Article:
The Wall Street Journal's Virtual Biotechs: No Lab Space, Few Employees focuses on how biotech startups are outsourcing lab work and hiring consultants and other contingent workers instead of traditional employees.
Hundreds of virtual biotechs are estimated to be operating today, in tech hubs from San Francisco to Cambridge, England. Bruce Booth, a partner at venture-capital firm Atlas Venture in Cambridge, Mass., estimates that as much as a third of the $4 billion to $5 billion in annual U.S. venture funding for biotech goes to virtual firms these days. Atlas is funding about a dozen, most of which have one or two employees. Atlas and other venture partners invest $2 million to $3 million to fund the virtual firms' first year.
While the article focuses on the biotech space, we're seeing the same trend in almost every industry we study.
Companies in all industries are increasingly using technology, automation, partnering, outsourcing and contingent workers instead of investing in fixed assets and traditional employees.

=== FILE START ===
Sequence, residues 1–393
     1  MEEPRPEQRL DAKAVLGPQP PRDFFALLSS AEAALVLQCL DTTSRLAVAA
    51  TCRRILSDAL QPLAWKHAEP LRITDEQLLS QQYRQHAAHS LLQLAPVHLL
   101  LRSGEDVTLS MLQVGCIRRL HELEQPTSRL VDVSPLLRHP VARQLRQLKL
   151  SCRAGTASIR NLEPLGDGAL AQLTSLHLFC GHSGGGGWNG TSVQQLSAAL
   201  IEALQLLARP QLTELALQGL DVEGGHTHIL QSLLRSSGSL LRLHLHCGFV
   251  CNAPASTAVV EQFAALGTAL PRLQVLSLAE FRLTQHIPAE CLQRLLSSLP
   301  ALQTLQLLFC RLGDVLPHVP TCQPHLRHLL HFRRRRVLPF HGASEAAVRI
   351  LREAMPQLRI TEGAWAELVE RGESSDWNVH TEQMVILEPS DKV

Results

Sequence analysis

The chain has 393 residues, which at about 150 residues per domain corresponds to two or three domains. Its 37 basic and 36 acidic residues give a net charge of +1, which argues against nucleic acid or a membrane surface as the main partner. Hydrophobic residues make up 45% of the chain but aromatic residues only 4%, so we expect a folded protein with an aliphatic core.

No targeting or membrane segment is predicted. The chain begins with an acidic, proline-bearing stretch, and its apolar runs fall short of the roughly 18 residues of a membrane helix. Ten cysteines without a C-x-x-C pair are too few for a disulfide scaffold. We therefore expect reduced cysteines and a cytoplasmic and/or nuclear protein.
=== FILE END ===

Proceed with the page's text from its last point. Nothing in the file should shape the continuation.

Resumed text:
The reasons for this are straight forward. Economic uncertainty, high rates of technological change and competitive pressures are resulting in firms focusing on becoming more agile and flexible.
To do this they are reducing their fixed costs - which include investments in plant and equipment (like lab space) and employees - and increasing their use of variable cost services, including consultants and contingent workers.
We believe this is a structural shift that is changing how industries are organized and work is done. We also think it's changing the competitive dynamic between large and small businesses.
We'll have more on this shift in the coming months.